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The Cooper Hewitt, Smithsonian Design Library has nearly 2,000 movable and pop-up books, that are made with a variety of paper construction types and mechanisms that control the movement of the action on the pages. One type of movable book form is a carousel book. A carousel looks like an ordinary flat two dimensional book, but when opened, it unfolds into a 360 degree circle when stood upright. A carousel more »
An entry into this magical season can be gained through the Historia de gentibus septentrionalibus (History of the Northern Peoples) by Olaus Magnus, first published in Rome in 1555. It is a work greatly valued by Smithsonian curators and researchers and other scholars, since the author – a true Renaissance man – wrote down his geographical, anthropological and naturalistic observations of a land unknown to much of Europe of the time. In more »
Ein Wintermärchen (a winter story) is a children’s book from our Cooper Hewitt, Smithsonian Design Museum Library. The library holds an extensive collection of children’s books, around 2,000, with 1,200 being pop-up books. This particular volume came to the Book Conservation Lab through the Adopt-A-Book program. The book is lavishly illustrated by Ernst Kreidolf, a well-known Swiss children’s book illustrator. Many of his books depict fairies and other mythical creatures, more »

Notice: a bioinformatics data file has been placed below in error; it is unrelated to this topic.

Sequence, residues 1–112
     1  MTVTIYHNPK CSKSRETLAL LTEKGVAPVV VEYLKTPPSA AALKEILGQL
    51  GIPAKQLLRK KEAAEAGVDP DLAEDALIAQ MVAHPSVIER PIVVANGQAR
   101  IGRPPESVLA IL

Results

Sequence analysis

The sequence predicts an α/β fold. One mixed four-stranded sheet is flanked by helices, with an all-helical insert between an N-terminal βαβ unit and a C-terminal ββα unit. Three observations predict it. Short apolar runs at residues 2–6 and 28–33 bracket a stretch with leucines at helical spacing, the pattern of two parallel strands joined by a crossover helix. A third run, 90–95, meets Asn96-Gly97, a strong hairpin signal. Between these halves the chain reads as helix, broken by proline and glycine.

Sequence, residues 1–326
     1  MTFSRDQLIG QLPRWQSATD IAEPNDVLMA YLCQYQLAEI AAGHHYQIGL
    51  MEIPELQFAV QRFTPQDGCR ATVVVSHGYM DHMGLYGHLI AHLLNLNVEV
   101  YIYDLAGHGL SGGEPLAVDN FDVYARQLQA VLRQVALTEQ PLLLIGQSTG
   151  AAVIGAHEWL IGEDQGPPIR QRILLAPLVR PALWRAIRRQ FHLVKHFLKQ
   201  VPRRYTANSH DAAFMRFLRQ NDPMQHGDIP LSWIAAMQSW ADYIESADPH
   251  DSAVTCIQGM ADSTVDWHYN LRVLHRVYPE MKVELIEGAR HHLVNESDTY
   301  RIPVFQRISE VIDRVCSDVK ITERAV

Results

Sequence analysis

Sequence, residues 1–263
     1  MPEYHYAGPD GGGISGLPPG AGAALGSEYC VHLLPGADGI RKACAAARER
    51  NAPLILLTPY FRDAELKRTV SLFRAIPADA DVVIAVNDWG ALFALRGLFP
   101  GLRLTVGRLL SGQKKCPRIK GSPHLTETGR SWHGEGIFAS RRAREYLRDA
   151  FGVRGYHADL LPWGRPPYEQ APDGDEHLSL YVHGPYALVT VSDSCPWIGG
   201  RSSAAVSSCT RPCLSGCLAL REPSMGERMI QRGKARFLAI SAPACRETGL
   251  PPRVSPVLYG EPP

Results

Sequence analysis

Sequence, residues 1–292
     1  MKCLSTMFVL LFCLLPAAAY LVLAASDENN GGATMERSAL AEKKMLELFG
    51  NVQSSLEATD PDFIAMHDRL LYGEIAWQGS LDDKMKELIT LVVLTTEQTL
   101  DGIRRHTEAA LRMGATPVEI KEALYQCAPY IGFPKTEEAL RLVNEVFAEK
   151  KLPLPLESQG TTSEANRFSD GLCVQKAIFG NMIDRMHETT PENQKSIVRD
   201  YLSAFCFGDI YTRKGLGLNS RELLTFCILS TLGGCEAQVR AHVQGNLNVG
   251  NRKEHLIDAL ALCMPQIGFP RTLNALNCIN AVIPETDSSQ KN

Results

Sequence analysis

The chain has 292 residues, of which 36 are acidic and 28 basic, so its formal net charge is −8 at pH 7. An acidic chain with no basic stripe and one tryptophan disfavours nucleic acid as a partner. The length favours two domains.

No heated seats or four wheel drive here! If you think you had a hard time dealing with the ice and snow that hit much of the U.S. recently, be grateful that at least your mode of transportation had a roof!
Now that it’s melting we can all laugh . . . Right? Right? —Elizabeth Periale
Today is the first day of winter. Some Ella Jenkins music might get you in the right, chilly mood.—Elizabeth Periale Image from: Jules Verne, From the Earth to the Moon Direct in Ninety-seven Hours and Twenty Minutes, and a Trip around it. Trans. by Louis Mercier and Eleanor King [De la terre à la lune], 1874, THE VAPOR OF OUR BREATH WILL FALL IN SNOW AROUND US—As the voyagers move into the moon's shadow, the projectile encounters the "absolute cold of space" causing their breath to condense as snow. More images from this publication are available. Also, check out the Libraries' online display, A Jules Verne Centennial: 1905 – 2005.
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